Eager to get started? This page gives a good introduction in how to get started with Requests.

First, make sure that:

Let’s get started with some simple examples.

Make a Request

Making a request with Requests is very simple.

Begin by importing the Requests module:

>>> import requests

Now, let’s try to get a webpage. For this example, let’s get GitHub’s public timeline

>>> r = requests.get('https://api.github.com/events')

Now, we have a Response object called r. We can get all the information we need from this object.

Requests’ simple API means that all forms of HTTP request are as obvious. For example, this is how you make an HTTP POST request:

>>> r = requests.post("http://httpbin.org/post")

Nice, right? What about the other HTTP request types: PUT, DELETE, HEAD and OPTIONS? These are all just as simple:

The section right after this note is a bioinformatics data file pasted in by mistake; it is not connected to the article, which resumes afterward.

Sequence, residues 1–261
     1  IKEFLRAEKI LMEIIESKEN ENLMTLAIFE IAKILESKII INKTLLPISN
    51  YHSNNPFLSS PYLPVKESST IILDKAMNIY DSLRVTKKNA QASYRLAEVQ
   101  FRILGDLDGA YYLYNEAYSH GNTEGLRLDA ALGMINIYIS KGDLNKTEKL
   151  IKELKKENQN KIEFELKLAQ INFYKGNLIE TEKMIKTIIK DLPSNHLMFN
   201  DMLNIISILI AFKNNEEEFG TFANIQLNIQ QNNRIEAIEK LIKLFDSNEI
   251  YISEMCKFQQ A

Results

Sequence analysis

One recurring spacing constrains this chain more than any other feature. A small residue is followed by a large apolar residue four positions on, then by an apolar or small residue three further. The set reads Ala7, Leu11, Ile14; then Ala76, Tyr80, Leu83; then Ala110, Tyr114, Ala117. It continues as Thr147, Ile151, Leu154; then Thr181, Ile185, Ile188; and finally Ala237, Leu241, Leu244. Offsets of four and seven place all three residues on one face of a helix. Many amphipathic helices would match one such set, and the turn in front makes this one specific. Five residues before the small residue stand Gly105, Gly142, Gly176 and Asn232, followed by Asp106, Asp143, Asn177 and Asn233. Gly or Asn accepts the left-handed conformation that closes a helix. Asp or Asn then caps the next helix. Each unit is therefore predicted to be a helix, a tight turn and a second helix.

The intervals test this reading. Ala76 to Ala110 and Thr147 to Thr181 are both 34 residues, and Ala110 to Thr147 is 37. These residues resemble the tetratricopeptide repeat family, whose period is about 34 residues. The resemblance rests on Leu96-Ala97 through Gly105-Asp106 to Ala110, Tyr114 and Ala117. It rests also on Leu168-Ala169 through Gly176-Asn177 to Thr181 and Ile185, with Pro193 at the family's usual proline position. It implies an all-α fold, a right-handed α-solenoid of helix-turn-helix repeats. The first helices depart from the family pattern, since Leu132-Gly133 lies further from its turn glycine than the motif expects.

>>> r = requests.put("http://httpbin.org/put")
>>> r = requests.delete("http://httpbin.org/delete")
>>> r = requests.head("http://httpbin.org/get")
>>> r = requests.options("http://httpbin.org/get")

That’s all well and good, but it’s also only the start of what Requests can do.

Passing Parameters In URLs

You often want to send some sort of data in the URL’s query string. If you were constructing the URL by hand, this data would be given as key/value pairs in the URL after a question mark, e.g. httpbin.org/get?key=val. Requests allows you to provide these arguments as a dictionary, using the params keyword argument. As an example, if you wanted to pass key1=value1 and key2=value2 to httpbin.org/get, you would use the following code:

>>> payload = {'key1': 'value1', 'key2': 'value2'}